On March 19, the OCC, FDIC, and Federal Reserve Board announced that the temporary changes to the supplementary leverage ratio (SLR) for depository institutions will expire as scheduled on March 31. As previously covered by InfoBytes, the federal banking agencies issued an interim final rule last May, which temporarily permitted depository institutions to exclude U.S. Treasury securities and deposits at Federal Reserve Banks from the calculation of the SLR, enabling depository institutions to expand their balance sheets to provide additional credit to households and businesses in light of the Covid-19 pandemic. In connection with announcing its decision to allow the temporary SLR changes to expire, the Fed noted that due to “recent growth in the supply of central bank reserves and the issuance of Treasury securities, the Board may need to address the current design and calibration of the SLR over time to prevent strains from developing that could both constrain economic growth and undermine financial stability.” The Fed noted it intends to “shortly seek comments on measures to adjust the SLR” and “will take appropriate actions to assure that any changes to the SLR do not erode the overall strength of bank capital requirements.”
On March 11, the CFPB announced it has rescinded its January 2020 policy statement, which addressed prohibitions on abusive acts or practices. As previously covered by InfoBytes, the Bureau issued the policy statement to provide a “common-sense framework” for how it planned to apply the “abusiveness” standard in supervision and enforcement matters as authorized under Dodd-Frank. Under the 2020 policy statement, the Bureau stated it would only cite or challenge conduct as abusive if the agency “concludes that the harms to consumers from the conduct outweigh its benefits to consumers.” The Bureau also stated it would generally avoid challenging conduct as abusive if it relies on all, or nearly all, of the same facts alleged to be unfair or deceptive, and that it would decline to seek civil money penalties and disgorgement for certain abusive acts or practices, absent unusual circumstances.
The Bureau now states that it is rescinding the 2020 policy statement after reaching the conclusion that the principles set forth do not actually provide clarity to regulated entities. Among other things, the Bureau notes that the 2020 policy statement is counterproductive, “afford[s] the Bureau considerable discretion in its application,” and adds uncertainty to market participants. Moreover, the Bureau claims that after reviewing and applying the 2020 policy statement, it has had “the opposite effect on preventing harm.” Going forward, the Bureau states it intends to “exercise the full scope of its supervisory and enforcement authority to identify and remediate abusive acts and practices” as established by Congress.
On March 9, the Financial Crimes Enforcement Network (FinCEN) issued an advisory notice alerting financial institutions with existing Bank Secrecy Act (BSA) obligations about illicit activity associated with trade in antiquities and art. As previously covered by InfoBytes, the Anti-Money Laundering Act of 2020 (AML Act) was enacted in January as part of the National Defense Authorization Act (NDAA) for Fiscal Year 2021, and made significant changes to BSA and AML laws, including amending the definition of “financial institution” under the BSA to include persons “engaged in the trade of antiquities.” Among other things, FinCEN’s advisory notice updates financial institutions on AML Act measures related to the regulation of antiquities, noting in particular that the Department of Treasury, in coordination with the FBI, the U.S. Attorney General, and Homeland Security, “will perform a study of the facilitation of money laundering and the financing of terrorism through the trade in works of art.” The notice further warns financial institutions that crimes related to the trade of antiquities “may involve their institution” and could include the “sale of stolen or counterfeit objects,” as well as money laundering and sanctions violations. The advisory notice also provides suspicious activity report filing instructions related to trade in antiquities and art.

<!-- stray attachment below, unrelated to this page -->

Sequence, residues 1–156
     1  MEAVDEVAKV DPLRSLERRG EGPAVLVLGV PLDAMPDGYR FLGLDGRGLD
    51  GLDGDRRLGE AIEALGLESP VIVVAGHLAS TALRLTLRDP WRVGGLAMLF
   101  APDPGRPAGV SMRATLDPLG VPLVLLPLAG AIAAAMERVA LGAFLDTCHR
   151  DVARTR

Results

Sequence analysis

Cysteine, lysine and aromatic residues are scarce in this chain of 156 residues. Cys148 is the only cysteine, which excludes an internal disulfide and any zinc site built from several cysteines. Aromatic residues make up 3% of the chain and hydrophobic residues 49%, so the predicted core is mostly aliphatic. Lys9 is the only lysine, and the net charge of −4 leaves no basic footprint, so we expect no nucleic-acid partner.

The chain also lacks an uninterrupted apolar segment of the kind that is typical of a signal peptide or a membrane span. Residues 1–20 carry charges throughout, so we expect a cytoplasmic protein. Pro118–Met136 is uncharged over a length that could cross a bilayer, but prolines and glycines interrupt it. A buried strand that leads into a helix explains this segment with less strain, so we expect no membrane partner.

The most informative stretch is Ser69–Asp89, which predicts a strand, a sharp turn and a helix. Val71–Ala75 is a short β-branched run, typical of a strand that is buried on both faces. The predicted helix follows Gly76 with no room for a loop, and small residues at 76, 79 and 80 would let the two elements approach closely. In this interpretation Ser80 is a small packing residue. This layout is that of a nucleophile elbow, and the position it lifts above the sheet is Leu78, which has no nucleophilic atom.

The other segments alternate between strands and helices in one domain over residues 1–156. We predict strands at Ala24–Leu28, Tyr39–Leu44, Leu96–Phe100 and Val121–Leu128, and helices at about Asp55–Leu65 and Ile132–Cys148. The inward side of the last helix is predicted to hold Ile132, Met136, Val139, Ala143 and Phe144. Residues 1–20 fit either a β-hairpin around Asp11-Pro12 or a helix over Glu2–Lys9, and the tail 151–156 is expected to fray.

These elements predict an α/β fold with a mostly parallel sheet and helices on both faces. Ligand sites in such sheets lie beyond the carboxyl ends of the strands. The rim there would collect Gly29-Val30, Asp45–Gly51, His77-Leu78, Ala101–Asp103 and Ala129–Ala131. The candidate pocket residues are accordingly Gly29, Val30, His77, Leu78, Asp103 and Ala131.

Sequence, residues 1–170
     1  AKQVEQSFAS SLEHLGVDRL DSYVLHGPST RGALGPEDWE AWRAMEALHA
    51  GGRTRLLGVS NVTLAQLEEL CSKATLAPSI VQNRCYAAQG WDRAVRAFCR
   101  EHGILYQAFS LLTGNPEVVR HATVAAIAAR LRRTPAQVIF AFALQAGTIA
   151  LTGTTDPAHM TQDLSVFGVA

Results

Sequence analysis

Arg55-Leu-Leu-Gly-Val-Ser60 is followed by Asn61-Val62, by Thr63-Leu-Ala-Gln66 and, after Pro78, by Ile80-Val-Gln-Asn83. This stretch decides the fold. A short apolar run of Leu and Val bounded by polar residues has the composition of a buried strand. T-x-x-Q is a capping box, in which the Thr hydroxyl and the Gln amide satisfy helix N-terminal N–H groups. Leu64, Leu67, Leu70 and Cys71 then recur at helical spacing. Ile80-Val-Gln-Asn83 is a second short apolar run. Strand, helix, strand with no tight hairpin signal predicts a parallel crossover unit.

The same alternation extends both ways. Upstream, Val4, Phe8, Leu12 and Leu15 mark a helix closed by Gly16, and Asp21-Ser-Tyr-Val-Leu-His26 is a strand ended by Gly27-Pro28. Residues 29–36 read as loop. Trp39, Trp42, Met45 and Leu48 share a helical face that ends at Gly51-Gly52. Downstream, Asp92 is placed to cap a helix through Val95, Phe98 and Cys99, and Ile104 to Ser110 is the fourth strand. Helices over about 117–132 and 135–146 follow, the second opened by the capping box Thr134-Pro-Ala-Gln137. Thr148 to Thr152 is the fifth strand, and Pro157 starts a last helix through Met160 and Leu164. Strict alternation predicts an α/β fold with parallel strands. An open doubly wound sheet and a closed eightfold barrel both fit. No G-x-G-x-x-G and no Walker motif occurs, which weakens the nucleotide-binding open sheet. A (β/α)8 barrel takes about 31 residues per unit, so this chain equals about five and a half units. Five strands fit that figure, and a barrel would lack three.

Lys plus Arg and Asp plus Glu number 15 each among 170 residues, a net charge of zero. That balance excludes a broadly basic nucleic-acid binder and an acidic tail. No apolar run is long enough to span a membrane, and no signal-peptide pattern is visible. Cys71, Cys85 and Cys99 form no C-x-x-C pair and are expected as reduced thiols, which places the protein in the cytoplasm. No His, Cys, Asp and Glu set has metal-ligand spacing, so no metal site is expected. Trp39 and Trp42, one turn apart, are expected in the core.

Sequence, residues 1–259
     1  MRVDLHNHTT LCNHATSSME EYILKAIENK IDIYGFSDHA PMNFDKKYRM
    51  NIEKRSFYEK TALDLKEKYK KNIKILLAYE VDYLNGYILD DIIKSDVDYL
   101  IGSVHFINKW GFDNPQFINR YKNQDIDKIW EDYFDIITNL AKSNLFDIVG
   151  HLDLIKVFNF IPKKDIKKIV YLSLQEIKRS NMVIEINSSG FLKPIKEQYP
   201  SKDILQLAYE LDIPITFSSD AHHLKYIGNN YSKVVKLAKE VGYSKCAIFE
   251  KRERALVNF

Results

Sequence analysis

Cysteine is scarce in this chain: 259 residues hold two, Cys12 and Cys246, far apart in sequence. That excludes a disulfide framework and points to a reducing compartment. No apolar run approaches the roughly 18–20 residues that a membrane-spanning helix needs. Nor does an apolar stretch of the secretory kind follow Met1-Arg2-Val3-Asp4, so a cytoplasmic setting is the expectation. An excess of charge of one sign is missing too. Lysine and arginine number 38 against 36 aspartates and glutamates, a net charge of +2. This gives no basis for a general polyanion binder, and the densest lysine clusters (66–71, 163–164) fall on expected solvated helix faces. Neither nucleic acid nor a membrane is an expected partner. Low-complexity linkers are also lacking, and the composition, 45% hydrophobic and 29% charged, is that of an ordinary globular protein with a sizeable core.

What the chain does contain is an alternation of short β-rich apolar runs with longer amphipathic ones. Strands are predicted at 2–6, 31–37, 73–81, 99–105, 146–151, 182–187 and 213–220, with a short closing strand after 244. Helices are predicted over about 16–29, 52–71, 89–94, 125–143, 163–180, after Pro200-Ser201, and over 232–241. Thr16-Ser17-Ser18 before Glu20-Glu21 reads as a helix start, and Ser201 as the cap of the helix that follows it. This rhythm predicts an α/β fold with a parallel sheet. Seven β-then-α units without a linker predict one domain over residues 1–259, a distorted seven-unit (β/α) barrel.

- Jonice Gray Tucker to moderate “Pandemic relief response and lasting impacts on access, credit, banking, and equality” at the American Bar Association Business Law Section Spring Meeting
- Jeffrey P. Naimon to discuss "Post-pandemic CFPB exam preparation" at the Mortgage Bankers Association Spring Conference & Expo
- Jonice Gray Tucker to discuss "Making fair lending work for you" at the Mortgage Bankers Association Spring Conference & Expo
- Jonice Gray Tucker to discuss "Reading the tea leaves of President Biden’s initial financial appointees" at LendIt Fintech
- APPROVED Webcast: Staying in the know with Buckley regtech solutions
- Moorari K. Shah to discuss “CA, NY, federal licensing and disclosure” at the Equipment Leasing & Finance Association Legal Forum
- Jonice Gray Tucker to discuss "Compliance under Biden" at the WSJ Risk & Compliance Forum
- Sherry-Maria Safchuk to discuss UDAAP at an American Bar Association webinar
- Jeffrey P. Naimon to discuss "What to expect: The new administration and regulatory changes" at the Mortgage Bankers Association Legal Issues and Regulatory Compliance Conference
- Jonice Gray Tucker to discuss “The future of fair lending” at the Mortgage Bankers Association Legal Issues and Regulatory Compliance Conference
- Steven R. vonBerg to discuss "LO comp challenges" at the Mortgage Bankers Association Legal Issues and Regulatory Compliance Conference
- Michelle L. Rogers to discuss "Major litigation" at the Mortgage Bankers Association Legal Issues and Regulatory Compliance Conference
- Michelle L. Rogers to discuss “The False Claims Act today” at the Federal Bar Association Qui Tam Section Roundtable